Re: In defense of tech doc education

Subject: Re: In defense of tech doc education
From: "Mark Baker" <mbaker -at- omnimark -dot- com>
To: "TECHWR-L" <techwr-l -at- lists -dot- raycomm -dot- com>
Date: Fri, 24 Mar 2000 12:14:19 -0500

Tim wrote in defense of tech doc education. I respond with a defense of real
education.

The debate about whether tech comm degrees are useful or not seems to me to
miss the point. If you learn something you didn't know before, then to that
extent they are useful to you. If you didn't learn anything you didn't know
before, or could not have learned more quickly and easily by reading or
experiment, then they are not useful to you.

The real question is, are they an appropriate educational strategy?

The classic professional degrees exist largely to impart a large and highly
refined and structured body of information. Lawyers learn the law. Doctors
learn anatomy and body chemistry, engineers learn about materials, stresses,
and loads.

Technical communication has no content. Andrew suggests basic technology
courses, but that is not a rigorous and well defined body of knowledge. As
others have pointed out, the list he suggest does not necessarily apply to
the areas they work in. Nor could any list. Skimming the surface of a dozen
disciplines does not enable you to write effectively about any of them. If
it did, we would hire tech writers right out of high school.

Technical communication is not a profession, it is a job title. To succeed
as a technical writer you have to be able to:

* do research
* learn a subject in depth
* analyze and understand the needs of an audience
* select and organize material to express an idea clearly
* write clearly and idiomatically

These are not specialized skills. They are general skills that should be
required to earn a degree in any discipline and to practice in any
profession that is based on any substantial body of knowledge.

Any graduate of any academic or profession program should therefor have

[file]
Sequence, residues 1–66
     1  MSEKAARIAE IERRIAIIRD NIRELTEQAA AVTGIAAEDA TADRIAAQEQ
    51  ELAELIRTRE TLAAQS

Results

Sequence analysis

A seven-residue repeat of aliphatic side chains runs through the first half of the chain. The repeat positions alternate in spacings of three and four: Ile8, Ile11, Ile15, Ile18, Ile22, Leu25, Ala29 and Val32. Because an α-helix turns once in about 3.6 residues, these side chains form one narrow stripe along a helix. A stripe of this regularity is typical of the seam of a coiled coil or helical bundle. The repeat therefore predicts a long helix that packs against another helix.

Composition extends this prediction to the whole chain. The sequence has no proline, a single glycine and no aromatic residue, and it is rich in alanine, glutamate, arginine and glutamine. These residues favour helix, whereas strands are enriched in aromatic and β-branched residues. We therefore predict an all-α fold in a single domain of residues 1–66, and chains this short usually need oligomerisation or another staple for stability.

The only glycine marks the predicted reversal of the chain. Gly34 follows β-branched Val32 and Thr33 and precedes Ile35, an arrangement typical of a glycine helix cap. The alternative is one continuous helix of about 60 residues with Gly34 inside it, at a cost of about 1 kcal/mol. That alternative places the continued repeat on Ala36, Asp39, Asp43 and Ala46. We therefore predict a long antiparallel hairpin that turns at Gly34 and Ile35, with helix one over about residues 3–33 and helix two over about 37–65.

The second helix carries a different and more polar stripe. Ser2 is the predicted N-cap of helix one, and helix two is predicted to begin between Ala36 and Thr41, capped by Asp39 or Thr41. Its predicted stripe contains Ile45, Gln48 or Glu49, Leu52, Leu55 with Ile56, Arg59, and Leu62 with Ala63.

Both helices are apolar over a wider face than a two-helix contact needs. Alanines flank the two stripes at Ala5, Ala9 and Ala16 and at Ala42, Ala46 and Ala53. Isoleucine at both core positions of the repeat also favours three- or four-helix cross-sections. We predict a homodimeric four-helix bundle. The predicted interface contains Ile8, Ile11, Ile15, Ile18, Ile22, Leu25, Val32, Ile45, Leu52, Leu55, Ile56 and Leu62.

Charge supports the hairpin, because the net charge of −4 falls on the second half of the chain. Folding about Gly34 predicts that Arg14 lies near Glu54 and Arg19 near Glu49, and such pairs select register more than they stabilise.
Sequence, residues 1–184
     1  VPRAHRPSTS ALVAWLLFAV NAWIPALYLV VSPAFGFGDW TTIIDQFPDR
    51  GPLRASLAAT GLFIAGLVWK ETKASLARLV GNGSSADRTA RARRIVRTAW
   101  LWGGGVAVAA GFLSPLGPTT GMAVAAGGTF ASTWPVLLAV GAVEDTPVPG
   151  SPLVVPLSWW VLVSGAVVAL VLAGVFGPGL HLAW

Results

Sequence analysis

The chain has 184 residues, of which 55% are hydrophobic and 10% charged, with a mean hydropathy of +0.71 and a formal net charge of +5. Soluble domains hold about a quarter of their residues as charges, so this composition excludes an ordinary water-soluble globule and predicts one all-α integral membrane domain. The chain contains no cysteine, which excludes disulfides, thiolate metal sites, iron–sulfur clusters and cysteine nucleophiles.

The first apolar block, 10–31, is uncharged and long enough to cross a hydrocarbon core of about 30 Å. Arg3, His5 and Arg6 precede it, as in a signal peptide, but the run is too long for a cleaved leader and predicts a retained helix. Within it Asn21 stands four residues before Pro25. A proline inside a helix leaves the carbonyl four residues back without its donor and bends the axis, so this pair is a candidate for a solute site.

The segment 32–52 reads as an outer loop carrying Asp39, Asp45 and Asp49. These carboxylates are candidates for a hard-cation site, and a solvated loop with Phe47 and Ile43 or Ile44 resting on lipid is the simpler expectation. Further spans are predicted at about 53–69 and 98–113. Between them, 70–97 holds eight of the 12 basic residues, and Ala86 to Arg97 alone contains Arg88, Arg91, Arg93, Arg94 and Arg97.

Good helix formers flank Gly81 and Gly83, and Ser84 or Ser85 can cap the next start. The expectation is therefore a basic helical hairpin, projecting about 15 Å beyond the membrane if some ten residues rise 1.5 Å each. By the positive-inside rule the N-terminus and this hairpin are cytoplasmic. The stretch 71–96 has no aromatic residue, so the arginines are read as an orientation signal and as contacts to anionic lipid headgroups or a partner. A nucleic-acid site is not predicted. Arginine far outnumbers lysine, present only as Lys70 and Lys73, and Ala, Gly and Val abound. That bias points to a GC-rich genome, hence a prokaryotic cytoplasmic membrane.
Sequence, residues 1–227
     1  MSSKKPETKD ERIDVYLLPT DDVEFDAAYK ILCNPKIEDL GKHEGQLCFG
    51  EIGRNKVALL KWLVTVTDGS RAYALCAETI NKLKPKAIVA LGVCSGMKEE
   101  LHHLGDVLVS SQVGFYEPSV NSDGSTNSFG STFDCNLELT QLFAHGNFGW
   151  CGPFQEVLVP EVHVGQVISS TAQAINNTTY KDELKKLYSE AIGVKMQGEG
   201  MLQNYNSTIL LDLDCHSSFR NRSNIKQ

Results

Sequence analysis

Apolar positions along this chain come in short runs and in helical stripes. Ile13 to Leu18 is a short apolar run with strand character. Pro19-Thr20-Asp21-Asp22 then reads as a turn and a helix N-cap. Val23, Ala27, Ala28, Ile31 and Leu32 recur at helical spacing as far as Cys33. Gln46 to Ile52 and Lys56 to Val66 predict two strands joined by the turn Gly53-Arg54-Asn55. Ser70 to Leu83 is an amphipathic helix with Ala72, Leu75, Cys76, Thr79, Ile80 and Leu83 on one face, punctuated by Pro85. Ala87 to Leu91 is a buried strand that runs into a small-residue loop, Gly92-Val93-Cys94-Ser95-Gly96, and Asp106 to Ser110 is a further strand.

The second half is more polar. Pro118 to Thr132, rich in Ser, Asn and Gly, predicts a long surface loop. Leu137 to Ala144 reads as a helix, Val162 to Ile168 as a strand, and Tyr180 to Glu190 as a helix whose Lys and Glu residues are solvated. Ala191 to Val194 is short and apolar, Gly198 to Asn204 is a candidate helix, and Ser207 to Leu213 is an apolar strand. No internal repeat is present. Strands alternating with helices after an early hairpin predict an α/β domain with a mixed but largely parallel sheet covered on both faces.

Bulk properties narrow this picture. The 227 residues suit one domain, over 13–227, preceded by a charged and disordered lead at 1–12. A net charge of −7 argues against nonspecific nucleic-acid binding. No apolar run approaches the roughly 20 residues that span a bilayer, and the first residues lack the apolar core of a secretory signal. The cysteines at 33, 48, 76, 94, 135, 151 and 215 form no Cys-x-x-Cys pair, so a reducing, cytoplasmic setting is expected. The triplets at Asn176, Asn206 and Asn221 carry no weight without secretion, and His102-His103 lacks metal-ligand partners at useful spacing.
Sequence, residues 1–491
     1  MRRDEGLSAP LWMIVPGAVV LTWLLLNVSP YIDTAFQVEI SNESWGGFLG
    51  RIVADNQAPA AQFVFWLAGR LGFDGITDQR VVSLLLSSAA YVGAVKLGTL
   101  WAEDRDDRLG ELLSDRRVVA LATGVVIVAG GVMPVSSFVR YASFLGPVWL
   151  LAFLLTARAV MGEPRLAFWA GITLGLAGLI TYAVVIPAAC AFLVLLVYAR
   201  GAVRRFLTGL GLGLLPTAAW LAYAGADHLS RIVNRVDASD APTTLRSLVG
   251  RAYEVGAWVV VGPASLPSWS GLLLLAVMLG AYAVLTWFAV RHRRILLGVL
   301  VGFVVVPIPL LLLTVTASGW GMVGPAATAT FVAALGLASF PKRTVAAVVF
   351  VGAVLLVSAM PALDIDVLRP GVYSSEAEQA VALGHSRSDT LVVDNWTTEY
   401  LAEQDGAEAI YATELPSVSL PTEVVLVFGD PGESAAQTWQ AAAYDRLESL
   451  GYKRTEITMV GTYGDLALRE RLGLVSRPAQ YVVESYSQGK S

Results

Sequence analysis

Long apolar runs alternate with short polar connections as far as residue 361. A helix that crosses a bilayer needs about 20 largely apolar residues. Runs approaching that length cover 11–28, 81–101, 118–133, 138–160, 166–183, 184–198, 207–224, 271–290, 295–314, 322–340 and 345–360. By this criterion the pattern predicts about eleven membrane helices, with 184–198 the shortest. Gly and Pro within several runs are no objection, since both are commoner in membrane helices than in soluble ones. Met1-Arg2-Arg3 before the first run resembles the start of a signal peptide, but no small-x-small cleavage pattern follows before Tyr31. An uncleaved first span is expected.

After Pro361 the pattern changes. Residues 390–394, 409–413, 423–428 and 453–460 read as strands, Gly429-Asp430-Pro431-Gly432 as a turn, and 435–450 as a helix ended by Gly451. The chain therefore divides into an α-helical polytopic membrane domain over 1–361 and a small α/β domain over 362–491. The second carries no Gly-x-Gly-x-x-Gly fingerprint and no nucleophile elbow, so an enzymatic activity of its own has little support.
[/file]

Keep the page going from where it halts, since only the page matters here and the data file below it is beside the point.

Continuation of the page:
mastered all the skills required to become a technical writer.

More to the point, they will have mastered those skills by immersion. By
actually doing research, actually learning a subject in depth, and actually
writing clearly and effectively about that subject. If they haven't done
these things, then they don't deserve a degree.

The problem then, with a tech com degree (even one based on Andrew's fairly
rigorous curriculum) is that the students study these skills but do not
exercise them in any but an artificial way. And at the end of their program
they have not learned any subject in depth. By studying these skills in
abstract instead of exercising them in practice in a real degree program,
they have had an education of less value generally, and also of less value
in preparing them for their chosen profession.

Now we must admit that most degree programs do not enforce the kinds of
standards I have set out for earning a degree. So you might argue that
technical communication degrees at least serve a remedial function, either
for the individual student, or for the university system in general.

But if so, why should we expect that the universities that could not provide
these fundamentals in their regular degree programs will be able to provide
them in their tech comm programs? And why do expect that students who could
not acquire these skills in a regular degree program will be able to acquire
them in a tech comm program?

Technical writing is not a profession. It is a job title. It is a job (like
many other jobs) that requires the exercise of the common skills of every
properly educated person. Conceivably you may acquire those skills by being
trained in them rather than acquiring them as a result of being properly
educated, but why would you choose that approach? It is so obviously a less
enriching way to go about it.







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